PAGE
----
Are you unsure if your bearded dragon’s enclosure is the right temperature?
Are you wondering whether to go without the heat lamp at night or not?
Bearded dragons, being reptiles, are cold-blooded, which means an external heat source is vital to their survival.
Understanding they need an external heat source, like a heat lamp, you might wonder:
What happens If A Bearded Dragon Gets Too Cold?
If a bearded dragon gets too cold for too long, it will not perform everyday tasks for survival, from moving to hunting and other bodily functions.
One of the most severe dangers of your bearded dragon getting too cold is being unable to digest their food.
All of these issues can lead to long-term damage or be fatal to your bearded dragon.
If you’re interested in learning more about what happens to your beardy, if it gets too cold, continue reading.
Side Effects Of Being Too Cold
Since bearded dragons are reptiles, they rely on an external heat source for their bodies to function correctly.
Without a heat source, or if their enclosure is not at a high enough temperature, you might see your bearded dragon start to slow down in its movements.
In addition to slow movements, bodily functions like going to the bathroom will be hindered.
One of the most dangerous side effects of being too cold for too long is the inability to digest their food.
If they cannot digest their food, it will begin to rot in their stomachs, which is deadly for your bearded dragon.
If the temperature is low enough, your bearded dragon might not wake up, continuing to sleep.
It will be your choice to take your beardie to the vet if they have been without heat for an extended period.
A few hours without heat shouldn’t be hazardous to your beardy, but more than 24 hours, and there could be severe health problems.
Watch your beardie to see how they act and use your best judgment when deciding if they need to see a vet.
What Are The Proper Temperatures For Bearded Dragons?
Your bearded dragon needs the proper temperature in its tank to not only survive but to thrive.
These temperatures will vary as your bearded dragon grows from a baby to a full-grown adult.
For a baby beardy, newborn to five months, the temperature in their tank should be between 95° degrees Fahrenheit and 110° degrees Fahrenheit (35° – 43° C) in the basking area, and 80° degrees Fahrenheit – 90° degrees Fahrenheit (27° – 32° C) in the cooler section.
Juvenile bearded dragons, 6 to 18 months, require a hot section between 95° degrees Fahrenheit and 100° degrees Fahrenheit (35° – 38° C) and a cool-down area between 80° degrees Fahrenheit and 90° degrees Fahrenheit (27° – 32° C).
Once your beardy has reached adulthood, their enclosure should be at an ideal temperature in the basking area of 90° degrees Fahrenheit to 93° degrees Fahrenheit (32° – 34° C).
The cool-down area for an adult beardy should fall between 80° degrees Fahrenheit – 90° degrees Fahrenheit (27° – 32° C).
These ranges are all for beardies during the daytime.
We have a guide going into greater detail on bearded dragon tank temperature and how to maintain the best settings we recommend you check out.
Temperatures At Night
Temperatures at night should be lower than during the day for your bearded dragon.
The temperature should fall between 72° degrees Fahrenheit and 80° degrees Fahrenheit (22° – 27° C) at night.
This drop in temperature is in line with their original habitat in Australia and is what your pet prefers.
It is essential not to have a bright light on at night to disturb your reptile’s sleeping pattern.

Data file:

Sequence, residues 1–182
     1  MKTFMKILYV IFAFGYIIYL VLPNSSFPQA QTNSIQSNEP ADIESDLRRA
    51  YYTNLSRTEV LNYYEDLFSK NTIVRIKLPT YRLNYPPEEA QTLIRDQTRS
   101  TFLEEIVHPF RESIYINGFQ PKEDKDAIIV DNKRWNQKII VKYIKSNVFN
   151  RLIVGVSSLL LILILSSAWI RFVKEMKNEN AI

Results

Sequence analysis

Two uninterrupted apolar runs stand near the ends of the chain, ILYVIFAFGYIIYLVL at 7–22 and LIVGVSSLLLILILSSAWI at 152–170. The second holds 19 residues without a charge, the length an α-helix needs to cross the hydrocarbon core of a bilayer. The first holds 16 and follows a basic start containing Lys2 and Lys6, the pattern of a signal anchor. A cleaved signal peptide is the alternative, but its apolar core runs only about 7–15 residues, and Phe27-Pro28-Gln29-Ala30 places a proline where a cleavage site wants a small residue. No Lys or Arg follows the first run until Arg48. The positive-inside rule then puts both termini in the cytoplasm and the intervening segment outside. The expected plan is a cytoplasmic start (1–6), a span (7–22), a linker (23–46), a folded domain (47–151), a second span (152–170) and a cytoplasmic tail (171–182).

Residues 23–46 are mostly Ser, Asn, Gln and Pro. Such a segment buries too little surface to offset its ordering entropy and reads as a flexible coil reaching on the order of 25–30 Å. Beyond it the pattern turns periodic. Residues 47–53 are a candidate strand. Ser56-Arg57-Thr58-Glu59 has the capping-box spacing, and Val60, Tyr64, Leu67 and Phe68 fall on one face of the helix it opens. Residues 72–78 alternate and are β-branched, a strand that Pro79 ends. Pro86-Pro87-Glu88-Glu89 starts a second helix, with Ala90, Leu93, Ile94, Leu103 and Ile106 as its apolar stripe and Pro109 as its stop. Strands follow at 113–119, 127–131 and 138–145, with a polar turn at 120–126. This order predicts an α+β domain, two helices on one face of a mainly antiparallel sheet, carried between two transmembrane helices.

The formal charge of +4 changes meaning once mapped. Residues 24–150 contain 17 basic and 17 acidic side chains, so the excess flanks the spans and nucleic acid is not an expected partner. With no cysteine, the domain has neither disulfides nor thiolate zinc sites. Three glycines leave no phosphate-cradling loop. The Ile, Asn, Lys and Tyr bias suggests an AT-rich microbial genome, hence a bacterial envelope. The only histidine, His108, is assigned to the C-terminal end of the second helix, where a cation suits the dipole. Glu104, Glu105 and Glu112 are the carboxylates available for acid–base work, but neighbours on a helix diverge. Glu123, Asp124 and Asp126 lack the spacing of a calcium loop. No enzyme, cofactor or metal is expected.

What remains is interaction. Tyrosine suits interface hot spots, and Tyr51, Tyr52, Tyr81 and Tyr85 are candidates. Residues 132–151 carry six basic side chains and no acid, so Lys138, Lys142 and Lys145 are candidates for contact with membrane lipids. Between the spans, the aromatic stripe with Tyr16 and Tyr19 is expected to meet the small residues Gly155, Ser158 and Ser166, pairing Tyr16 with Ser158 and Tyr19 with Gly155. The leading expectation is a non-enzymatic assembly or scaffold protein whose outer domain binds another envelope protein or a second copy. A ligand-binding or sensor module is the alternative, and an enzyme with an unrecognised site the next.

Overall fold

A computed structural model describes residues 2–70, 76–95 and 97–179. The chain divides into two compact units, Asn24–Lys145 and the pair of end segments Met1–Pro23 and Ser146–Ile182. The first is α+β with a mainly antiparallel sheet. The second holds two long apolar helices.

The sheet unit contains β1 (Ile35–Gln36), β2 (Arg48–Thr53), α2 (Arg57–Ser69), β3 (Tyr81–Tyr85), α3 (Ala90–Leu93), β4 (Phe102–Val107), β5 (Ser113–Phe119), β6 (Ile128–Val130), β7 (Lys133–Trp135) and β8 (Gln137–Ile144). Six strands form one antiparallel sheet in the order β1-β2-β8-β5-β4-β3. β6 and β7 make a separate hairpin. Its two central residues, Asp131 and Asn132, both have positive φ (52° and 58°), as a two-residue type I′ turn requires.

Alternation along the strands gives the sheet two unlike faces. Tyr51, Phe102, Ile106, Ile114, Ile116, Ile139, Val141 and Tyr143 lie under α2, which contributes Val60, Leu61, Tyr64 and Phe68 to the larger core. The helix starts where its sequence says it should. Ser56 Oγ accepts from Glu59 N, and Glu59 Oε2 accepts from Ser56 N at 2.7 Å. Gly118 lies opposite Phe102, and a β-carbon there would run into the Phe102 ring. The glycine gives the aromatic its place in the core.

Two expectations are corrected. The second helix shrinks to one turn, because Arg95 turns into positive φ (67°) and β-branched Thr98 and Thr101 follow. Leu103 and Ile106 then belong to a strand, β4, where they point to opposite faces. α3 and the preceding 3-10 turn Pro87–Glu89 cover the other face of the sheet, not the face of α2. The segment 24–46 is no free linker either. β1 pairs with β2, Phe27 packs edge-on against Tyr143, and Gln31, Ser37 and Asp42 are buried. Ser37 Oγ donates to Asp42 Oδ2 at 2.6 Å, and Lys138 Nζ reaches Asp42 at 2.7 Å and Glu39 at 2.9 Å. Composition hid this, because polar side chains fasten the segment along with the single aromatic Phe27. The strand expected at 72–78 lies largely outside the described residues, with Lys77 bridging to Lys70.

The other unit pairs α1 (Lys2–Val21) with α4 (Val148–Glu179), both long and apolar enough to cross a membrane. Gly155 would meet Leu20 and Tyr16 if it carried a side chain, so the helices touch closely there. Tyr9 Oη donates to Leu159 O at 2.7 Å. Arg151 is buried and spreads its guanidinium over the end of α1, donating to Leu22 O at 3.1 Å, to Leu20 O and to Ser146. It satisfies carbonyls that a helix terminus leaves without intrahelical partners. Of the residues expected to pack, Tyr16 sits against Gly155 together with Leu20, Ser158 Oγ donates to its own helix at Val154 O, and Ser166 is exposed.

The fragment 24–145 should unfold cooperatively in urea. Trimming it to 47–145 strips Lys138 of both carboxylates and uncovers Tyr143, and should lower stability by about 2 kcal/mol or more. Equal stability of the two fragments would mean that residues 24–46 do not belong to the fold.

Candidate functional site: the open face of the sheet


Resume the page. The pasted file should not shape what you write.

You might find the enclosure gets too cold if you turn off the heat lamp during the night, and if it falls below 72° degrees Fahrenheit (22° C), you are likely to run into some of the symptoms we discussed before.
If this is the case, consider adding heating devices that do not produce a bright light, like a heat mat or installing a ceramic heat emitter.
These heat sources work similarly to a heat lamp you would use during the day but don’t give any light, only heat.
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What Do You Do If You Can’t Get A Heat Source Right Away?
Let’s say the light bulb in your heat lamp has gone out, and you can’t get to a new bulb for several hours.
There are a few ways to keep your pet warm until you can get a new bulb.
Heat mats are always a great way to keep your beardy warm, so if you have one in another reptile’s tank, move it for your bearded dragon for a few hours.
Another option to consider, if you don’t have access to a heat lamp, would be to use a grain pillow.
These are pillows filled with a grain like rice, buckwheat, or corn, instead of the fluffier versions of stuffing you’re used to.
The great thing about these pillows is they hold heat for extended lengths of time without using a cord.
Microwave one of these bags in 30-second intervals until it reaches safe heat for your pet.
You should always be careful not to overheat the bags as too high of temperature could burn your animal.
If you don’t have a grain pillow, water bottles full of warm water are another great alternative, but again be careful the temperature is not high enough to burn your beardy.
Warm baths are an option as well, but rub your pet fully dry afterward, or you could run the risk of lowering its body temperature even more, defeating the whole purpose.
We have a guide on how long bearded dragons can go without heat for more detailed information.
Maintaining a proper temperature is vital for the survival of your bearded dragon.
Because they are cold-blooded, they rely on external temperatures to perform everyday bodily functions like moving and eating.
Without a heat source, a bearded dragon and its bodily processes will slow down dramatically.
This can lead to illness or even be fatal to your pet.
While we can’t prepare for everything, it’s best to have a backup plan when it comes to heat sources for your beardy to keep your pet thriving.